Another option is to use one of the many popular search engines such as Google. Create a search string and enter it. During a June 2013 appraisal event at the Brevard Museum of History and Natural Science in Cocoa, Florida, a participant brought a Paul Klee Little Drummer Boy tapestry, sold initially by Montgomery Ward, for me to value. My initial search string was “Paul Klee +tapestry.” A picture allowed me to specifically identify the piece. I did additional research and found two examples that sold at auction in the past two years.
[Author’s Aside #2: Creating a research word string for an internet search is a talent. Many individuals search only with the first word string combination that comes to mind. This often results in failure. A minimum of three and up to a dozen research word strings should be tried.
Further, many individuals only check the listings that appear on the first page of the resulting search. The best answer is often found in the listings on the second or subsequent pages. Like all research, internet research requires time and persistence.]
All pricing information whether found in a printed source or online, needs to be interpreted. Is the value retail or wholesale? What condition does the price guide author use to determine values? What was condition of the object sold? Does either condition match that of the object being researched? How does regional pricing factor into the equation? There are a dozen more interpretive questions that apply.
There are inexpensive internet appraisal sites. Also, some appraisers (see “appraisal services” on my website www.harryrinker.com) offer inexpensive verbal appraisals. The difficulty is that many of the objects submitted for online appraisal are valued below the cost to have them appraised. Writing only on my own behalf, I return the money to a person if the objects submitted are not worth being appraised. If properly interpreted, the return suggests the objects are of low value.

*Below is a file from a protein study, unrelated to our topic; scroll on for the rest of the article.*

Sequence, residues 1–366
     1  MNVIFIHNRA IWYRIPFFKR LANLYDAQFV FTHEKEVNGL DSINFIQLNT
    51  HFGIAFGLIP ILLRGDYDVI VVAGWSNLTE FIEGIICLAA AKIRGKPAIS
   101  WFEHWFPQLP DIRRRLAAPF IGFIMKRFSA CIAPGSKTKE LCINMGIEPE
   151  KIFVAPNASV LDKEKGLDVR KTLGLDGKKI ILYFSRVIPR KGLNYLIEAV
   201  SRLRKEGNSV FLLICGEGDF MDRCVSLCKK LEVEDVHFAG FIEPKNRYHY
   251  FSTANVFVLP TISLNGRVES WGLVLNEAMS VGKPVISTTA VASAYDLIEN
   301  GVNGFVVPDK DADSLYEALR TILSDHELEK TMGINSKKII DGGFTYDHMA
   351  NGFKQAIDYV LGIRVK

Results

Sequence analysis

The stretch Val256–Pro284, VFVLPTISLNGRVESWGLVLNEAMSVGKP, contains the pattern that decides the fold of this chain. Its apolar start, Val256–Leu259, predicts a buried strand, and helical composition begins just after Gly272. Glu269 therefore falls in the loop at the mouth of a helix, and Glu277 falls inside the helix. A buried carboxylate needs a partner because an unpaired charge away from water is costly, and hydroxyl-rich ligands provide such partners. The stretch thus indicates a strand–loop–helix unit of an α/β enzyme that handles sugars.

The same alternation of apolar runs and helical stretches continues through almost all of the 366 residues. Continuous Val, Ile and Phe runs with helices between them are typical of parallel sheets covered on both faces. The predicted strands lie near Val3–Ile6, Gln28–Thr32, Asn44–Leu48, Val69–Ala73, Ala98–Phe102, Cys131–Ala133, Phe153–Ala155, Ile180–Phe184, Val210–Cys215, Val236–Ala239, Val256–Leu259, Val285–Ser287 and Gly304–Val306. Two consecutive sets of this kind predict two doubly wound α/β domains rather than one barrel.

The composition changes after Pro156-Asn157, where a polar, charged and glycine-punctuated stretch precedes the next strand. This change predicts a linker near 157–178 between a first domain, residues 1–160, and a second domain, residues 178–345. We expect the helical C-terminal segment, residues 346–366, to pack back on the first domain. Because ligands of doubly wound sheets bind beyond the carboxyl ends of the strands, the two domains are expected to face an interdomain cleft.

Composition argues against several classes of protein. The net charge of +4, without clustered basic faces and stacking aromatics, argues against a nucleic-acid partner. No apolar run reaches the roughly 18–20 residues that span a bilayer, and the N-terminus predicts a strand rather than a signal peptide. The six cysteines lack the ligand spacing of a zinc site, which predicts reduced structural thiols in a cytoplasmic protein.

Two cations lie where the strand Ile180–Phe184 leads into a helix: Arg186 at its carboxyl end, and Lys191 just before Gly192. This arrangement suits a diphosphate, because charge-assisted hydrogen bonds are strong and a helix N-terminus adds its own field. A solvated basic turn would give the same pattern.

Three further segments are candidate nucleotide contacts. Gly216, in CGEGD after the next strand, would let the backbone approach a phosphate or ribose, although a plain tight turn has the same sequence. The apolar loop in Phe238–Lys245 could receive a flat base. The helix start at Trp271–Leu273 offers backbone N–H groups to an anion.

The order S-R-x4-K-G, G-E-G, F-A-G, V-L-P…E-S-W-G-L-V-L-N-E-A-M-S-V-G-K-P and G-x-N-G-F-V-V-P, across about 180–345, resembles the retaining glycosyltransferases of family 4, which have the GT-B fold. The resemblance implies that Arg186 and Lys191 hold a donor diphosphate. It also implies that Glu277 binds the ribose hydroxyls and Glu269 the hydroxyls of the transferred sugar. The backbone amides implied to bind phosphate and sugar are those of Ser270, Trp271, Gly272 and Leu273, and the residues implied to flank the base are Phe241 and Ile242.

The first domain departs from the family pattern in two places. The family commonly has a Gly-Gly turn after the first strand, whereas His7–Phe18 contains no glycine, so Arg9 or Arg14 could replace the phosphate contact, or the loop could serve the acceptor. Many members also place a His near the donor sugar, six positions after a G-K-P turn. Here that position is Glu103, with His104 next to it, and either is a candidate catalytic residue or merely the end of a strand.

I strongly oppose those individuals who submit objects to auctioneers under the guise that they wish to sell them and ask for an estimate of what the auctioneer can obtain for them. Auctioneers are aware of this practice and do their best to avoid it. However, the desire to obtain material to sell often tempts them to respond.
The most unreliable value opinion is that of a friend or other pseudo-expert. Whenever a value is preceded by the phrase “that has to be worth at least….,” be highly suspicious. The test is to counter with “where can I sell my object for the price you quoted?” If in a good humor, respond with “I would be delighted to sell it to you for half that price.” What follows will be a classic case of back peddling.
Finally, if there is an appraisal clinic scheduled in your area, buy a ticket and have an expert look at the object. The cost ranges from $3.00 to $25.00 per object. A quality appraiser charges $125.00 to $200.00 per hour.
If uncertain what an object is, most appraisers also can authenticate it. The appraiser will provide the history of the object as well as a ballpark appraisal. Appraisal clinic appraisers do not usually carry reference books with them. The value quote is their best guesstimate. If the appraiser is unfamiliar with the object, he/she will take notes, do research, and send the answer to the client.
Inform the appraiser if an insurance or sale estimate is desired. The two values are very different. If a sale value is requested, the appraiser will recommend sale venues and discuss which offers the highest return possibilities verses quick sale.
Under no circumstances deal with an appraiser who offers to buy the object. This is unethical. Also beware of dealers in the audience who leave their seats and approach participants as they leave. Take time to consider a sales approach and carefully investigate sales sources before selecting one.